A modern day Gold Rush is happening in America! Membership in the Gold Prospectors of American Association has expanded by 20%, and 3000 new mining claims have been filed in California over the past two years. Â Over half of these new claims were filed in the first quarter of 2009! Â At over $900 an ounce, prospectors are looking to gold during the current economic recession, but what is it doing to our rivers?
The idyllic image of panning for gold is not an economic reality for miners. Suction dredges are the tools of modern day gold miners. Â The dredges suck up river bottom, use a sluice to sort out the gold, then dump the remaining silt back in the river. Â The negative effects of suction mining are disrupting spawning habitat, creating more turbid river conditions, spilling fuel into waterways, stirring up mercury leftover from the last Gold Rush, and killing aquatic organisms.
SB 670 would place a moratorium on dredge mining in California rivers. Â The Sierra Fund explains:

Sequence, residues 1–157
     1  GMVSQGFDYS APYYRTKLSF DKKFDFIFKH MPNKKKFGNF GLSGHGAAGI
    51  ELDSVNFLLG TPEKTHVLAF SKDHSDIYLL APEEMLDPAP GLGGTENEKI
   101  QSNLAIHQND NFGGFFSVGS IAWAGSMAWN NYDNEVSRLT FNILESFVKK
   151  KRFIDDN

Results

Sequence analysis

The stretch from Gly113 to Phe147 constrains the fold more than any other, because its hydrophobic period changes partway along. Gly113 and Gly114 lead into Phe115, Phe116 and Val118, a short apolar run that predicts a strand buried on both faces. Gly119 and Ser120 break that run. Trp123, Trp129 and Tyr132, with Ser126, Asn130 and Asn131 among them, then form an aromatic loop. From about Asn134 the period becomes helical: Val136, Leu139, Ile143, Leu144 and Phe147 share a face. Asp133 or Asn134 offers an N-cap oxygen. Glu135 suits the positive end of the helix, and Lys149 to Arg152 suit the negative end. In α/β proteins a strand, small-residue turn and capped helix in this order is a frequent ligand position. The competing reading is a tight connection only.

This bill was introduced by Senator Pat Wiggins (D-Santa Rosa) to place a moratorium on motorized dredge mining pending a full scientific review and update of rules by the California Department of Fish and Game. The bill is scheduled to come before the California Senateâ€™s Natural Resources and Water Committee on April 28, 2009.
As a result of a 2005 lawsuit filed by the Karuk tribe, theÂ California Department of Fish and Game (DFG) must undergo aÂ California Environmental Quality Act (CEQA) review to study the effects of dredge mining on fisheries. Â The DFG failed to complete the study by the July 2008 deadline. Â SB 670 would create a temporary moratorium on dredge mining until this CEQA review and subsequent rule changes were complete.
California fisheries are in trouble, and hobby mining is contributing to the problem of poor river conditions. The states fisheries cannot sustain the negative impact ofÂ loosely regulated and unenforced suction dredging, especially on the Klamath River.Â SB 670 would stop new permits from being issued until a scientific review is completed.